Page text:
Non-Functional•Requirements (NFRs)

The specification of system qualities such as ease-of-use, clarity of design, latency, speed, ability to handle large numbers of users etc. that describe how easily or effectively a piece of functionality can be used, rather than simply whether it exists. These characteristics can also be addressed and improved using the Continuous Delivery feedback loop.

Orchestration pipeline

Tools or products that enable the various automated tasks that make up a Continuous Delivery pipeline to be invoked at the right time. They generally also record the state and output of each of those tasks and visualize the flow of features through the pipeline.

Whitebox testing

A testing or quality assurance practice which is based on verifying the correct functioning of the internals of a system by examining its (internal) behavior and state as it runs.

 

Latest articles

Navigation options for improved usability

Ease of navigation is closely linked to user experience - it can make or break how the user interacts with your website. From being able to find and use your navigation menu, through to the user being able to find the information they are looking for, it is important to ensure your navigation options are cleverly designed and stick to best practices.   If visitors are having difficulty with your navigation options, you are missing an opportunity to either create a conversion, delight your customer or engage a potential client.   When it comes to your website usability, here are some things you can focus on to ensure your site’s navigation is a user-friendly one:   1.     Keep it simple While this one may sound obvious, it is important to ensure that you avoid making your navigation difficult to comprehend. Examples of this include cluttered navigation menus, disorganized sub menus   2.     Keep it predictable While creativity makes your website stand out and is great to catch a user's attention and provoke emotion, it is important not to practise creativity in areas where predictability is preferred by the user or visitor. Such as when creating your navigation menu or the placement thereof.   3.     Keep it consistent It is key to keep the theme and structure of the different pages of your site consistent. Check our CakeDC.com menu and the different pages, each page keeps the overall theme and structure consistent. This is to ensure that your user is able to make sense of the content as quickly as possible when switching between pages.   4.     Have a clear hierarchical structure Every category and clickable sub category should have a clear hierarchical structure and should be visible in your menu. Doing this gives your user a clear view and pathway for them to go to the exact page or content that they are wanting. This point is particularly important for website that have a wide range of products or services.   5.    Make it distinct Navigation options should be clearly visible and easy to find. They should stand out from other graphics, images or backgrounds. This can be done through size, color and font.   6.    Link the logo to the homepage A good practice is to link the homepage to the logo of your company on your website. This logo should be in the same place on every page. Users have a high tendency to click on your logo, with the expectation that it will lead back to the home page as this is a generally predictable behavior across websites and design practices.   7.     Always include a search bar Search bars are necessary for making your website more usable to your visitors. Some visitors only want to find information by using a search bar within your site. Offer your users a way to navigate through your website without having to go through every page or menu option.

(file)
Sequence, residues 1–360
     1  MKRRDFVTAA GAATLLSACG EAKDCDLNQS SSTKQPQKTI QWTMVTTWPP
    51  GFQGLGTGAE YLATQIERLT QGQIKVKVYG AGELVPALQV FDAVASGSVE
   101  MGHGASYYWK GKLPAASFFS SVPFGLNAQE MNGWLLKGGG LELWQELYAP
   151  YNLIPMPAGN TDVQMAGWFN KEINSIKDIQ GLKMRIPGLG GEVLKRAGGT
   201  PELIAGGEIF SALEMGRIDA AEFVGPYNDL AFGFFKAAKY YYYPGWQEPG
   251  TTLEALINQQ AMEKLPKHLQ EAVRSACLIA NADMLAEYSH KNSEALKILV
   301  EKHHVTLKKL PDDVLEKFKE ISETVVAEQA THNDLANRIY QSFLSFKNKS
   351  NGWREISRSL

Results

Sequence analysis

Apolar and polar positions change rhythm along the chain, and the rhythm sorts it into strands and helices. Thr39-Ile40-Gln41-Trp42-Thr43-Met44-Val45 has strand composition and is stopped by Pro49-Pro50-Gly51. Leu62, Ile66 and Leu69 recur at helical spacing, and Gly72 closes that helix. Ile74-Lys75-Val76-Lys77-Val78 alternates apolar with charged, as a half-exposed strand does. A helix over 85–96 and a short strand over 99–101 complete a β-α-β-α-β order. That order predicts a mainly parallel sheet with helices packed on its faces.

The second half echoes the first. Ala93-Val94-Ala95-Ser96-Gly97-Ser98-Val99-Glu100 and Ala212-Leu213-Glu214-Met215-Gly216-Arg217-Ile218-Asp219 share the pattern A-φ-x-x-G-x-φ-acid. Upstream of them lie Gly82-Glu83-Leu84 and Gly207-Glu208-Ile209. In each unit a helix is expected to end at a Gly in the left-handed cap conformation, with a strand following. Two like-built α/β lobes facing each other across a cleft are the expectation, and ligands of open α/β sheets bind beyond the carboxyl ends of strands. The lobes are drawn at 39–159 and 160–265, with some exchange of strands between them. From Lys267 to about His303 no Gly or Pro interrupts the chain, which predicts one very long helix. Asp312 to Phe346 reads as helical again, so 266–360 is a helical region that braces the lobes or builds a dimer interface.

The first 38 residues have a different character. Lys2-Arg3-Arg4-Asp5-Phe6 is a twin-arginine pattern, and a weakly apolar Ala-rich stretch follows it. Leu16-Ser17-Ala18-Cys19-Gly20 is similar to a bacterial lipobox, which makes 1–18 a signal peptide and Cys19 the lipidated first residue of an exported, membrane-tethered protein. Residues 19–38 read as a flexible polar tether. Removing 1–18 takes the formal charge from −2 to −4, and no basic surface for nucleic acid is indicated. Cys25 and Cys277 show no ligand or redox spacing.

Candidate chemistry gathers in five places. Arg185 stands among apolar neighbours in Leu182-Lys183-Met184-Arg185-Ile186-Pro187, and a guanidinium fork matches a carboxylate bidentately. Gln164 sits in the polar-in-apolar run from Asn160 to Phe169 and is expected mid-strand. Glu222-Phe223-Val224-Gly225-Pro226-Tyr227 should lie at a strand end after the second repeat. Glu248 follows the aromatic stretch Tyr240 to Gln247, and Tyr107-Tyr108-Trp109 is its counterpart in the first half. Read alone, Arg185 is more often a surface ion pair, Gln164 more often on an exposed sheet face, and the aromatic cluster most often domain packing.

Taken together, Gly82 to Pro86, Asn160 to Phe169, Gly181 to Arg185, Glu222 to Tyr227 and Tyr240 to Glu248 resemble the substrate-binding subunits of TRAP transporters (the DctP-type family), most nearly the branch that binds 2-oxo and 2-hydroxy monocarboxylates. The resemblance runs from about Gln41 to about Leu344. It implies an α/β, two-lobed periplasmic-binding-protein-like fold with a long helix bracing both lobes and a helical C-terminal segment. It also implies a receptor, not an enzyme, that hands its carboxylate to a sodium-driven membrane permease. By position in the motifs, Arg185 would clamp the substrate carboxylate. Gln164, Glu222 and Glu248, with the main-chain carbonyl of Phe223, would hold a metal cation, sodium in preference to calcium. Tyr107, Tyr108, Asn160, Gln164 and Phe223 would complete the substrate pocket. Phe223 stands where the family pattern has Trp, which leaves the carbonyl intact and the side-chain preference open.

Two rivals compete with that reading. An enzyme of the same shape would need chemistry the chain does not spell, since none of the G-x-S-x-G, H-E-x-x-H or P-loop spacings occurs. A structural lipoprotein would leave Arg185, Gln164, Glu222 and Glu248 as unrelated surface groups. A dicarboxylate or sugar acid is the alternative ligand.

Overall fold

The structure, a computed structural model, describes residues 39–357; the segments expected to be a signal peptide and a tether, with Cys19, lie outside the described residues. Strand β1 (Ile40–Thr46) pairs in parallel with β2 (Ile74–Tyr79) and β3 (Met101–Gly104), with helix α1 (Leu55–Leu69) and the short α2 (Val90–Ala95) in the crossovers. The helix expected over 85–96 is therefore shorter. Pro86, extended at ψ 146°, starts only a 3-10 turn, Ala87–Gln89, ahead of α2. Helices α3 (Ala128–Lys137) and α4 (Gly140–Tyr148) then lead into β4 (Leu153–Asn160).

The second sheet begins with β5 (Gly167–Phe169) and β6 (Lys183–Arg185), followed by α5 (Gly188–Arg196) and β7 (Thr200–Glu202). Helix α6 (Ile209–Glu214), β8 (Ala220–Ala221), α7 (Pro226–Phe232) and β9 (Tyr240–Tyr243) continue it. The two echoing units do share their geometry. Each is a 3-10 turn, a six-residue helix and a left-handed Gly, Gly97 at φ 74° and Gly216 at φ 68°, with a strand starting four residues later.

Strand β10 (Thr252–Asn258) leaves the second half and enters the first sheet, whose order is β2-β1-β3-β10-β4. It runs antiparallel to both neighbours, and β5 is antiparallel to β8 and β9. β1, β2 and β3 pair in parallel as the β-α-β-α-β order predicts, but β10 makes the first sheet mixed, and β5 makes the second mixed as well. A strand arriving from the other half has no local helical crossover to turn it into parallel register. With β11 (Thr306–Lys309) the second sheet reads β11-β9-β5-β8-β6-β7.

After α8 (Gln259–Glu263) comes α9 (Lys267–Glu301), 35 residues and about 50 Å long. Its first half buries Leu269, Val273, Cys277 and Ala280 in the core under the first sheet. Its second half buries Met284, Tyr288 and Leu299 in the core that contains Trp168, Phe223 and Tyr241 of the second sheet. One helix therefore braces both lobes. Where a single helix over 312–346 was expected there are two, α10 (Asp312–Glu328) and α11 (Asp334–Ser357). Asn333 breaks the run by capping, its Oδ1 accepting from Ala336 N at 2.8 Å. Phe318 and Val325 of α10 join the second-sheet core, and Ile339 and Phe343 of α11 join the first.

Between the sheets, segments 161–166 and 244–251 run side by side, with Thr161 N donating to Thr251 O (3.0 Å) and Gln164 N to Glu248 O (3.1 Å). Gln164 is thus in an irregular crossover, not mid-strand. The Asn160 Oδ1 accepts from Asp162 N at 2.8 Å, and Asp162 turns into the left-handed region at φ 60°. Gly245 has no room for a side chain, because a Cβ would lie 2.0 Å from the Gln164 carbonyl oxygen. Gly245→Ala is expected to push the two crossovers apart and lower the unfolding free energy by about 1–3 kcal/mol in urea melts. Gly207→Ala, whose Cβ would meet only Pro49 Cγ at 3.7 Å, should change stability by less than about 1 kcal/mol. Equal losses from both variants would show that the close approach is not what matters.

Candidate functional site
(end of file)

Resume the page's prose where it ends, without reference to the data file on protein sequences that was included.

Difference between UX and UI